Care and Feeding
When Mary Ann Mayne's van comes bumping down the road in rural Casar, North Carolina, certain senior citizens get a little out of hand. "They see me coming and hurry out onto their porches and wave and holler at me until I make it down the block," Mayne says. You would think she was there to hand out cash prizes. In fact, her visits give the seniors something much more precious: the chance to keep caring for their beloved pets.
Mayne, 47, and her family operate Gretta's Wish, an organization that provides free food, veterinary care, and pet essentials like blankets, chew bones, toys, and treats to seniors who need help providing for their animals. Most of their clients have fallen on hard times or can no longer drive to a store to get pet food and supplies.
The organization is named for Gretta, the Maynes' beloved Doberman who died in 2008. They rescued the dog at age 2 after her former owners, an elderly couple living in a rural area, set her loose to fend for herself when they couldn't afford to feed her. Gretta was eventually brought to an SPCA shelter; she arrived emaciated, with heartworms and hookworms. Mayne and her husband, John, 50, a retired maintenance worker, were running a small sanctuary for elderly and injured dogs from their home near the shelter. Mayne had a reputation for loving Dobermans, so shelter workers called to see if she could take on the young stray.
Gretta was a shocking sight, even for a veteran like Mayne. "She was a walking skeleton with brownish red fur," she says. "I don't know how she was alive." Mayne welcomed the needy dog to her motley crew of rescued and rehabbing animals, and Gretta soon became a pet. "She appreciated everything you did for her," Mayne says. "She was just the sweetest girl."
Several years later Mayne got a phone call from an elderly woman who had heard of the family's rescue organization. She needed help for her two dogs because she couldn't afford to take care of them but hated the thought of losing them. "She was just desperate and broke down crying," says Mayne. "I said, 'It's okay, we'll help you.'"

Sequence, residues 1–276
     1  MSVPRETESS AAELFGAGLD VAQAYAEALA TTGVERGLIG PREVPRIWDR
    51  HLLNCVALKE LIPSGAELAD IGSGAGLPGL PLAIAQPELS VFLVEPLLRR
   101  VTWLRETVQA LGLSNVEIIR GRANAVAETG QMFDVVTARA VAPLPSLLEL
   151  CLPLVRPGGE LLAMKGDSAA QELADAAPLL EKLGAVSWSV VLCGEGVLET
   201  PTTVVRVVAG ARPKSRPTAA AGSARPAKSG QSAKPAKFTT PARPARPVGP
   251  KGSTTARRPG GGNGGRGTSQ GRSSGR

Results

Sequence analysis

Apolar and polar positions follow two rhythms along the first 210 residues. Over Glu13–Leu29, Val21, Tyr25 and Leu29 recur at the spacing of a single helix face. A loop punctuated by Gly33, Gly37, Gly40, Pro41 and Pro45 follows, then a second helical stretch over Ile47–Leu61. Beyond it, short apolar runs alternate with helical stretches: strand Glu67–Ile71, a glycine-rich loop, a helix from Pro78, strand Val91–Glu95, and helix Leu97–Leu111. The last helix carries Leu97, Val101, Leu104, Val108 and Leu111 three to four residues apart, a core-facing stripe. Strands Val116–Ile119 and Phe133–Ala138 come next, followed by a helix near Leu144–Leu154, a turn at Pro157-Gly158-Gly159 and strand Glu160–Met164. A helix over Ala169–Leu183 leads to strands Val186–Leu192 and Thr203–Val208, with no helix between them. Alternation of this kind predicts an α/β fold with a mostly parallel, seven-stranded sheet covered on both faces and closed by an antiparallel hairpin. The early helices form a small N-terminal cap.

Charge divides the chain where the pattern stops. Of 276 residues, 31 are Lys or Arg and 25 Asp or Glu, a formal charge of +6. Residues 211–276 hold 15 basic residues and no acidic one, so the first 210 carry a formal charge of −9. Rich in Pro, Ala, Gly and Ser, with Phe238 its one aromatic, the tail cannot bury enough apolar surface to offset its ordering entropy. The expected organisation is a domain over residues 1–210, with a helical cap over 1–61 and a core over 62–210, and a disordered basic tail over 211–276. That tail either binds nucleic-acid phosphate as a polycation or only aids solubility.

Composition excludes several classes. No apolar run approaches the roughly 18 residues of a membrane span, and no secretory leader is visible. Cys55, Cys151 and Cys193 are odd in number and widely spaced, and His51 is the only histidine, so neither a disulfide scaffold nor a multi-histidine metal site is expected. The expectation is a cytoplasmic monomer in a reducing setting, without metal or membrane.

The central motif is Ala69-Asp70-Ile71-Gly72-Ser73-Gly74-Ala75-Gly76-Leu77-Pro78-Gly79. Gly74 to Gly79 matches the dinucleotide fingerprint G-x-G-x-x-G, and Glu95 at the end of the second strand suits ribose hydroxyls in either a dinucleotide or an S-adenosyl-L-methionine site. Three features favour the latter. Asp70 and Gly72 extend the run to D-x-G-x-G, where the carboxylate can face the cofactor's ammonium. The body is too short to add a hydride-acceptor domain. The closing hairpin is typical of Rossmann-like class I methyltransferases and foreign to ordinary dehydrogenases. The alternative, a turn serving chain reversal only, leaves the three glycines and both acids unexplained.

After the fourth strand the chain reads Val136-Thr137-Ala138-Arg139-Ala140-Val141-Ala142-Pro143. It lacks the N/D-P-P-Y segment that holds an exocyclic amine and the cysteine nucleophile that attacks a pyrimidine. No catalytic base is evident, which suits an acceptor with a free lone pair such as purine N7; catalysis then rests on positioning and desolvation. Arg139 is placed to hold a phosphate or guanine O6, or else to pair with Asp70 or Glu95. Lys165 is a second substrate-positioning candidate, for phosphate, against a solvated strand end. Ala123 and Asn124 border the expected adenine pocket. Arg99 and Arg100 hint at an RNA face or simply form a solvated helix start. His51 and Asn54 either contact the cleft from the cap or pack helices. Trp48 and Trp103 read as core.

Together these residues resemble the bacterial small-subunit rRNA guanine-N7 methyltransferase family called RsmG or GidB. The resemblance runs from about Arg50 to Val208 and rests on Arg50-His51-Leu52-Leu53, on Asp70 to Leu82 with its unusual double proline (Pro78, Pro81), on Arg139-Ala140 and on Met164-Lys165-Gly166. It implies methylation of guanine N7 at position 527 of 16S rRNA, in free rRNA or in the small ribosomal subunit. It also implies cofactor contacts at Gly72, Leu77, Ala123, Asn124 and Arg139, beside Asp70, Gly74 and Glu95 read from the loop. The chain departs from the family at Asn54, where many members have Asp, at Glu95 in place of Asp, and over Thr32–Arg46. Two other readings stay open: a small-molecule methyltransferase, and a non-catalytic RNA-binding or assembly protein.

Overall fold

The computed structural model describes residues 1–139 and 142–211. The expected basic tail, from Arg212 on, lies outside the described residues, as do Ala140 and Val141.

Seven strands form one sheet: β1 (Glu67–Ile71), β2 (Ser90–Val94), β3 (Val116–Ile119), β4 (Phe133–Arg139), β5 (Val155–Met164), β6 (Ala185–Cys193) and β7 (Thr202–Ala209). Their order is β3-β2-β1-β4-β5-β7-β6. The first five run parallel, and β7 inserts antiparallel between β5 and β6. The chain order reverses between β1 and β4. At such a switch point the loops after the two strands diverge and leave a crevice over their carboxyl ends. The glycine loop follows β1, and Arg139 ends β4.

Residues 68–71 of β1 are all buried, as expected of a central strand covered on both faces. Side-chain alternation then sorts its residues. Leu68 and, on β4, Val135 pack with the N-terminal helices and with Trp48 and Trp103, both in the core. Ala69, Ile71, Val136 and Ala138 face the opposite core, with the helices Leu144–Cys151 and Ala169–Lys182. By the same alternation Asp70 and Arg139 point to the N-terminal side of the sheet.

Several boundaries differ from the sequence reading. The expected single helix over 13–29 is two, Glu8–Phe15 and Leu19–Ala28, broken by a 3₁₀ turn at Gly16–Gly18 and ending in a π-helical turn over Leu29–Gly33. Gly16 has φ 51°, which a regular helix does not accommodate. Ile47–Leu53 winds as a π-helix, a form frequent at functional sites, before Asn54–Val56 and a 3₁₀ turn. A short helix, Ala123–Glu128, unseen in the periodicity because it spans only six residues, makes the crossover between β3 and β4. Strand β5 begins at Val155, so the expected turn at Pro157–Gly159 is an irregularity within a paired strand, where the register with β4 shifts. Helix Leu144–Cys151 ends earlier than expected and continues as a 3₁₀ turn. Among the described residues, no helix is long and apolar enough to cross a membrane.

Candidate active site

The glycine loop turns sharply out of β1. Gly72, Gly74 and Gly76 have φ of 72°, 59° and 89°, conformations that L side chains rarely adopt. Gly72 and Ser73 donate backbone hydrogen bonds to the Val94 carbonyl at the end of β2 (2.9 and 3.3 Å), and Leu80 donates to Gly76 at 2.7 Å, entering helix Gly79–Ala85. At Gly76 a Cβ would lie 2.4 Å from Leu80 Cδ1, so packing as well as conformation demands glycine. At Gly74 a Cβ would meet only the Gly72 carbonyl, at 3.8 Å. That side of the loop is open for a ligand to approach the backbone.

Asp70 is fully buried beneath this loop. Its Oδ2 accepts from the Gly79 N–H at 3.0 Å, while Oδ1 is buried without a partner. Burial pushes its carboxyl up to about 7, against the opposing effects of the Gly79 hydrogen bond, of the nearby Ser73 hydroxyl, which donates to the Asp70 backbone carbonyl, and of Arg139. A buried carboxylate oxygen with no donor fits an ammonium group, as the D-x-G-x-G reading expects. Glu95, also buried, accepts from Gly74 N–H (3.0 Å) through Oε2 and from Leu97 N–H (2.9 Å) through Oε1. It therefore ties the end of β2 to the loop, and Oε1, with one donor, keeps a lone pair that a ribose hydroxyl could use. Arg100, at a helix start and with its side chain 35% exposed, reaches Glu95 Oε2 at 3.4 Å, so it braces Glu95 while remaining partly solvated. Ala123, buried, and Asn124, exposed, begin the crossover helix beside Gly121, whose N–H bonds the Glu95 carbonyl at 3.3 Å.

When she set out for the woman's home with food in tow, Gretta jumped in the front seat of the car. As they waited at a red light, Gretta placed a paw on her arm and, Mayne remembers, looked straight into her eyes. "I felt it was her way of thanking me," Mayne says, "and not letting another animal feel the pains of abandonment and hunger as she had."
Moved by the woman's plight and Gretta's rough start, Mayne founded Gretta's Wish in 2008. She was convinced that seniors just needed a little help to keep their pets, so she reached out to the community; many people donated funds and food, and veterinarians offered free services. A local Girl Scout troop pitched in by building doghouses and hosting food drives.
"I believe older people should be able to benefit from the unconditional love of their animals," Mayne says. "When seniors find out about the program, they say, 'You're helping me keep my best friend.'"
Mayne often ends up caring for the owners in addition to their pets; she helps them find free firewood to keep warm in the winter or freezes bottles of sports drinks to hand out in the summer heat. She also recycles sweatshirts by making them into mittens and hats and cobbles together dog beds for outdoor pets. "Sometimes I'll go on a grocery run for the owners, and for Valentine's Day, I'll bring them candy," she says. "A lot of them don't have much family left."
Mayne's mother, Lois Conner, 80, also gets in on the act, driving around with Mayne as she makes deliveries, helping haul dog food and connecting with her fellow seniors. John keeps things running smoothly at the sanctuary so Mayne can focus on Gretta's Wish full-time. She says they distribute an average of 380 pounds of pet food each week; recently an anonymous donor came up with a much-needed 10-foot-by-10-foot shed that Mayne keeps in the backyard to house food and supplies. She spends about $300 of her own money every month on gas and more on related expenses like car maintenance, but she buys all the pet supplies with donations.
Mayne has grown close to the seniors she affectionately calls grandparents. "They love to talk, and they'll talk about anything at all, so I stay a little longer," she says. "They're my family now. We've given up our lives to do this, and I couldn't be happier."
Originally published in Ladies' Home Journal, April 2011.